April 2011

The Yellow Water Cruise is a commercial tour offered several times a day by the Gagudju Lodge in Cooinda. I went on the 6.45 a.m. cruise, at sunrise. Getting there so early meant a 54 km drive from Jabiru in the dark. Although driving at night is discouraged in Australia, all went well: I did not encounter nor hit any large animals.

The 2-hour cruise takes you out on the Yellow Water Billabong & the South Alligator River. It is a bit like going on a safari in Africa: the rangers know where to spot the various animals and can almost guarantee you sightings of specific species. We spent the first half hour in awe looking at an eagle, pretty up-close, calling out for her mate. Then we went to visit a Comb-crested Jacana, with his 3 little chicks (the male looks after the kids). Although the park is infested by them, so far we hadn’t encountered a crocodile. We finally saw a female saltwater croc guarding the flooded spot of where she had laid her eggs. The guide had found her here every day. The scenery overall during the boat trip is very pretty, and there are birds everywhere.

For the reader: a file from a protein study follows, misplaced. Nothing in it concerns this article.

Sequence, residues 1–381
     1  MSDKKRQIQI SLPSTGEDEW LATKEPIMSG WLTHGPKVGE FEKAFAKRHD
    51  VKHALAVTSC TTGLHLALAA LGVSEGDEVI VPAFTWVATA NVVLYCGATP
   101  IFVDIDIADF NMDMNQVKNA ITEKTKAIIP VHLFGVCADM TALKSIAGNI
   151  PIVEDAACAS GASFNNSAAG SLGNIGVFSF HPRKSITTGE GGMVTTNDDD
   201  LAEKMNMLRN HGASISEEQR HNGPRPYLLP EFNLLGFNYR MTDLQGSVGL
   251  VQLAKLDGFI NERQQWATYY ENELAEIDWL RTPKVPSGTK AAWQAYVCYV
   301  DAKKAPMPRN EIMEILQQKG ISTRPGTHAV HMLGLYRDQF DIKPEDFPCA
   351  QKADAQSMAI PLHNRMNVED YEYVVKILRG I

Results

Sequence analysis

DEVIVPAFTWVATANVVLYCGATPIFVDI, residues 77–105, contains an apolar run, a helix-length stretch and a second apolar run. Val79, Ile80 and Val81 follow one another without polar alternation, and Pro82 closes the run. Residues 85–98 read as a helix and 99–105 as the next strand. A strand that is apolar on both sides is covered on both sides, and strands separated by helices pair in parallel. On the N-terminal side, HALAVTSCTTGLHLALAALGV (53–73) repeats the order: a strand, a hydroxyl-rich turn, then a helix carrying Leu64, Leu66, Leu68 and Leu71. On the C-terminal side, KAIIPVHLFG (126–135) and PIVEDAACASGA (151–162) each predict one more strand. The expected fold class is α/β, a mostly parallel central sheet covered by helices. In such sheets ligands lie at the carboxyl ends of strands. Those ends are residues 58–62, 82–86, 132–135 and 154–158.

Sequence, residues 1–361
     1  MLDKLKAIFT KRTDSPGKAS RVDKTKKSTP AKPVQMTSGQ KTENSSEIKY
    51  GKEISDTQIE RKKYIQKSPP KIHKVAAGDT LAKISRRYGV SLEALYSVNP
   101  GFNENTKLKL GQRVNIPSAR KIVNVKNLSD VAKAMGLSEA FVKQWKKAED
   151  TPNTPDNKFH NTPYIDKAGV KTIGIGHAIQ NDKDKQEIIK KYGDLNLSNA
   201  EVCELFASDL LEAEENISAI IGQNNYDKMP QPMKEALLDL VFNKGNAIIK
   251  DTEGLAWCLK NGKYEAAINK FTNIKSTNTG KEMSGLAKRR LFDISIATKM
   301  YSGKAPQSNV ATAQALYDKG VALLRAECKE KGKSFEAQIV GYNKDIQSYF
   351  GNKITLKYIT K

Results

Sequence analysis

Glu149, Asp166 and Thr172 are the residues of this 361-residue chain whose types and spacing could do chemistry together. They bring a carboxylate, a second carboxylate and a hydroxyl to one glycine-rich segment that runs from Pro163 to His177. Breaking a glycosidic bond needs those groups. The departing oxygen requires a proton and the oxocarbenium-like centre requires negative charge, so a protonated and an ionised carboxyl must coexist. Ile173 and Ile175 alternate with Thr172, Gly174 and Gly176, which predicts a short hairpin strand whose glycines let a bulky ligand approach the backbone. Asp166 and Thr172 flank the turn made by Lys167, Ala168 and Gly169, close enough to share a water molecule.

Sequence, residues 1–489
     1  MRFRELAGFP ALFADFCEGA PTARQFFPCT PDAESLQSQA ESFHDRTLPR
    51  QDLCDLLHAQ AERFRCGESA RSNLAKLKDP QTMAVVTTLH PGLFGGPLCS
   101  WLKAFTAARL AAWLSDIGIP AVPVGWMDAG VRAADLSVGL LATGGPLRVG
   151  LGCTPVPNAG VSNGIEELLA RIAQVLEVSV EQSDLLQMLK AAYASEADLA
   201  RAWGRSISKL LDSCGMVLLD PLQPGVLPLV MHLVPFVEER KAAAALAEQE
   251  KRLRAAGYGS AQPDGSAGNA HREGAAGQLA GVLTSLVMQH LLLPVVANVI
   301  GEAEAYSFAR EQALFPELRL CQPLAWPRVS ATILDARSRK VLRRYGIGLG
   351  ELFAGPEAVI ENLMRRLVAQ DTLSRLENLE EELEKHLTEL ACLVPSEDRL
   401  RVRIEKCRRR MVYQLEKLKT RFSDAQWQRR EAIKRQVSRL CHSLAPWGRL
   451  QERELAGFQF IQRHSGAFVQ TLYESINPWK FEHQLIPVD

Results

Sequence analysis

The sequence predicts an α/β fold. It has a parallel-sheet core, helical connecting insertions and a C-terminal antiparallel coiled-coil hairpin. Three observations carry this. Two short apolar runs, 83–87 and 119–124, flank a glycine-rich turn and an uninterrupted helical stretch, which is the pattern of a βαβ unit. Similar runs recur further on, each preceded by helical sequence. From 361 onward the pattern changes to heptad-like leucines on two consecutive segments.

April 2011

I did enjoy my stay in Kakadu even despite the rain and the resulting limited possibilities. The wildlife, especially the birdlife, is so abundant that you will see things of interest even from the main roads. It was also very quiet everywhere: I spent 20 minutes tracking a pair of Brolga along the main Kakadu Highway. I just left my car parked on the left lane of the road, no other car passed by.

Community Reviews

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Joel Baldwin

Australia - 25-Jun-19 -

Kakadu National Park by Joel Baldwin

In my opinion, Kakadu National Park is one of Australia's most impressive sites. Home to ancient culture, gorgeous natural scenery, and a colossal variety of plants and animals, there's a lot to love about Kakadu. We visited the park over three days in June 2016, which gives you ample time to explore the various areas.